[25:44] – The bond market is getting a little bit scary. Last week, as the market was going up, investors poured $23.6 billion into fixed income mutual funds and exchange-traded funds.
[26:17] – In a bond fund, your money doesn’t come due. The idea of owning bonds is for safety, but it could be a massive problem in the future.
This week, Dan Irving answers our listeners’ questions about their finances.
[33:39] – Question #1: I’m 60 years old. And I’ve just been given two options at work. I can keep working and retire in five to six years with a pension. Or I can retire now and take a severance package and a pension buyout. How do I weigh my options?
[36:40] – Question #2: We’re currently building our dream home and we’ll be moving in within the next 12 to 18 months. Should we sell our current house after we move out and invest the cash or keep it as a rental property for retirement income?
Our special guest for this week’s Spotlight Segment is Aaron Dessen, our colleague and financial advisor at Payne Capital Management. He gives an overview of a couple’s case who had gotten into mutual funds and how he turned the situation around and lead to the path of financial freedom.
[44:16] – Afraid to take risks, the couple thought that investing everything into mutual funds years ago was a brilliant idea. Now, they didn’t really have any contact with anyone since and really weren’t sure how and where their money was invested.
[45:32] – It’s been a great decade for the S&P but it’s so important to not have all your eggs in one basket. Have a diversified portfolio to protect yourselves against the downside.
[45:52] – Ryan states the great irony of investing is that you don’t know how much risk you have in your portfolio when you have the most risk.
[47:17] – Mutual funds are higher costs because on average, they’re tax-inefficient.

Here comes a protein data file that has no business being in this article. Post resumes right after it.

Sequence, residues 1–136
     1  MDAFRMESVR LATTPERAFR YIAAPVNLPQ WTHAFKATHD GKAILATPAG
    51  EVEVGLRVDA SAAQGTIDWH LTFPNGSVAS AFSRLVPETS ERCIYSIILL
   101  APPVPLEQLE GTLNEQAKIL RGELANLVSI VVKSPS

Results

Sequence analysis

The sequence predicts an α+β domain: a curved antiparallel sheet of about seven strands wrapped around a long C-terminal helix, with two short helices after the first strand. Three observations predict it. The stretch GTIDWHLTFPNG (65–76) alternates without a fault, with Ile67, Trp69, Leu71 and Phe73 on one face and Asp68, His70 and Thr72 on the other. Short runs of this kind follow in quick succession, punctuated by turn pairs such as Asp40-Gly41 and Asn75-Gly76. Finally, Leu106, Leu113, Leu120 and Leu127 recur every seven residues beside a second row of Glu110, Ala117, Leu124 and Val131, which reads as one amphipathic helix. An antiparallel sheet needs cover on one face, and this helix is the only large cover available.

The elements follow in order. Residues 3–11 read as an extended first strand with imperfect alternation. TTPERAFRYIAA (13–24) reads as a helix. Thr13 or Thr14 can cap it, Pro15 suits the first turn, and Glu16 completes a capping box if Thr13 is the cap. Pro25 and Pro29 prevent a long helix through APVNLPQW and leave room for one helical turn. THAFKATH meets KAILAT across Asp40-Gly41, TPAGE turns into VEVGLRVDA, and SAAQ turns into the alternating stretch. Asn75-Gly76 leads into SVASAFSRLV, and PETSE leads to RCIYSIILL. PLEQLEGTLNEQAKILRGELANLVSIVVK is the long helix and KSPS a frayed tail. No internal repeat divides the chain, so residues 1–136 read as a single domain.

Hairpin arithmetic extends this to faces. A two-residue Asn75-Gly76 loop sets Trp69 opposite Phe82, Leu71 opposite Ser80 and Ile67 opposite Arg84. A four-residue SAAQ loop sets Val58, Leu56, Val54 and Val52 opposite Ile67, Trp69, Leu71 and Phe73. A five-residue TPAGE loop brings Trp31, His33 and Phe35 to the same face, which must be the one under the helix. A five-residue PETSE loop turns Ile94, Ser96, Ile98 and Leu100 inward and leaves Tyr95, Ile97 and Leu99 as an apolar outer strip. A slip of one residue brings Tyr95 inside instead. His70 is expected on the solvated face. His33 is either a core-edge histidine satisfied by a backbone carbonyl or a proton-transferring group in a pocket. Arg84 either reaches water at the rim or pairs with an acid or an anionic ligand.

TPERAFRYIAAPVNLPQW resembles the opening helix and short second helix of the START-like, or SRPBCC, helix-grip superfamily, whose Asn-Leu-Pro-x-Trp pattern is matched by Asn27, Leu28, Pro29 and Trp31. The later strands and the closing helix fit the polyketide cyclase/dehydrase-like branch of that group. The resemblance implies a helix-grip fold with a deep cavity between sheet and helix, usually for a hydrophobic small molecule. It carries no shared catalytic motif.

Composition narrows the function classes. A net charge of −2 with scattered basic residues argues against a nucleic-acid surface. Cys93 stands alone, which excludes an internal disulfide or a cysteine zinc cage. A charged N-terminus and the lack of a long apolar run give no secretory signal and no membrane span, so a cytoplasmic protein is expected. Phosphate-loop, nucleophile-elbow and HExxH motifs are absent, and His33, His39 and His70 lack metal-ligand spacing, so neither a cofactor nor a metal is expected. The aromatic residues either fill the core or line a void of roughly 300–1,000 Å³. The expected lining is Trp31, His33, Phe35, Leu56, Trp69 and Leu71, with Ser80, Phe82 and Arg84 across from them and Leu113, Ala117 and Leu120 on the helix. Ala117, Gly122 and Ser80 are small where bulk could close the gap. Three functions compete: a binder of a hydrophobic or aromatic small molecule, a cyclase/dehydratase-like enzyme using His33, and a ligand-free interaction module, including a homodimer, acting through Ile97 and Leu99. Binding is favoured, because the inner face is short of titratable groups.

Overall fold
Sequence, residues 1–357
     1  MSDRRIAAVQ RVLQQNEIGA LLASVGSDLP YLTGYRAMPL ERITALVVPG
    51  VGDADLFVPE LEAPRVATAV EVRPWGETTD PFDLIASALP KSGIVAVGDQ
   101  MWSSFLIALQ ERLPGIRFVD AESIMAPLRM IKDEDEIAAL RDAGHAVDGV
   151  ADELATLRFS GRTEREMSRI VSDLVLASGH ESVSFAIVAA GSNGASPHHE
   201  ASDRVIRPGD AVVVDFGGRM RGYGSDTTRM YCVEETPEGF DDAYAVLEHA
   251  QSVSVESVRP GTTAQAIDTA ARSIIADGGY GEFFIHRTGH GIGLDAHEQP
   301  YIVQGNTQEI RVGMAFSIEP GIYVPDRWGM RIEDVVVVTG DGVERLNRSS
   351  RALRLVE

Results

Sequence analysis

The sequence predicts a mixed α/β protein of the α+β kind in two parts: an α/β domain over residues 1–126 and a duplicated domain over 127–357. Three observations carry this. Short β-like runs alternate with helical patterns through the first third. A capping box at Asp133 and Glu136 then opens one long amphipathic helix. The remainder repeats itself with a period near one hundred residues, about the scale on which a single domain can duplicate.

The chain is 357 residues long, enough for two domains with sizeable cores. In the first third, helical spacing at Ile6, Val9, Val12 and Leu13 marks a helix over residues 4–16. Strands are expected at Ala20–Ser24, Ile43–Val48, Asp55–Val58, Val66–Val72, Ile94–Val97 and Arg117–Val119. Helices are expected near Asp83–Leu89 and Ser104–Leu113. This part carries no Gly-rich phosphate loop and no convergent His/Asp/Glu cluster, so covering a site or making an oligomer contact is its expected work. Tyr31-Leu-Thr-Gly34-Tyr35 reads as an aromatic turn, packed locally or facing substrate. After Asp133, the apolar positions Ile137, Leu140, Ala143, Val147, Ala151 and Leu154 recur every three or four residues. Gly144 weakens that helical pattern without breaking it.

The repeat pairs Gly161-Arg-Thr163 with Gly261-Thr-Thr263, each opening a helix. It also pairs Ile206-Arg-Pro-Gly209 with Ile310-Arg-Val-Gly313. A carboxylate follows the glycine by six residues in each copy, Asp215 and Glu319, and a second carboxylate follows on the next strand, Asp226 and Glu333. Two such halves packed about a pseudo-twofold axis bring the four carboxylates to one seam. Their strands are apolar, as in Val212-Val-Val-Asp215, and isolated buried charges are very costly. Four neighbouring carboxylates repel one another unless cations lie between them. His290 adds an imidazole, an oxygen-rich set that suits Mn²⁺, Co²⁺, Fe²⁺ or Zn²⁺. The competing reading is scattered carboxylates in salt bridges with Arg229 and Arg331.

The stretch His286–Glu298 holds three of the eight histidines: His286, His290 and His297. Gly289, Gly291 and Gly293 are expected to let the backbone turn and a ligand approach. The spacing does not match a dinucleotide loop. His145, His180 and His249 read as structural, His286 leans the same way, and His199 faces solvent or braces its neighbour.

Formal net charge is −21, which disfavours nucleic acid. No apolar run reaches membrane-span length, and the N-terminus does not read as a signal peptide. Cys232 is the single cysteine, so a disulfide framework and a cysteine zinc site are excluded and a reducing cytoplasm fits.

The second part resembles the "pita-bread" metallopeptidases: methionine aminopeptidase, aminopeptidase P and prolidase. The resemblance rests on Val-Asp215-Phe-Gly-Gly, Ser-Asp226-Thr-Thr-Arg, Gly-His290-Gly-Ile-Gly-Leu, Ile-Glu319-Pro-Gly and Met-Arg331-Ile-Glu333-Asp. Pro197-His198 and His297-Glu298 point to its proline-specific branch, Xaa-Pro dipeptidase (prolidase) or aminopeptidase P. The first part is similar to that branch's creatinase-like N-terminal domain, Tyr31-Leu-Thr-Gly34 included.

“You have to embrace volatility because, without volatility, there’s no opportunity.”
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Please remember that past performance may not be indicative of future results. Different types of investments involve varying degrees of risk, and there can be no assurance that the future performance of any specific investment, investment strategy, or product (including the investments and/or investment strategies recommended or undertaken by Payne Capital Management, LLC), or any non-investment related content, made reference to directly or indirectly in this blog will be profitable, equal any corresponding indicated historical performance level(s), be suitable for your portfolio or individual situation, or prove successful. Due to various factors, including changing market conditions and/or applicable laws, the content may no longer be reflective of current opinions or positions. Moreover, you should not assume that any discussion or information contained in this blog serves as the receipt of, or as a substitute for, personalized investment advice from Payne Capital Management, LLC. To the extent that a reader has any questions regarding the applicability of any specific issue discussed above to his/her individual situation, he/she is encouraged to consult with the professional advisor of his/her choosing. Payne Capital Management, LLC is neither a law firm nor a certified public accounting firm and no portion of the blog content should be construed as legal or accounting advice. A copy of the Payne Capital Management, LLC’s current written disclosure statement discussing our advisory services and fees is available for review upon request.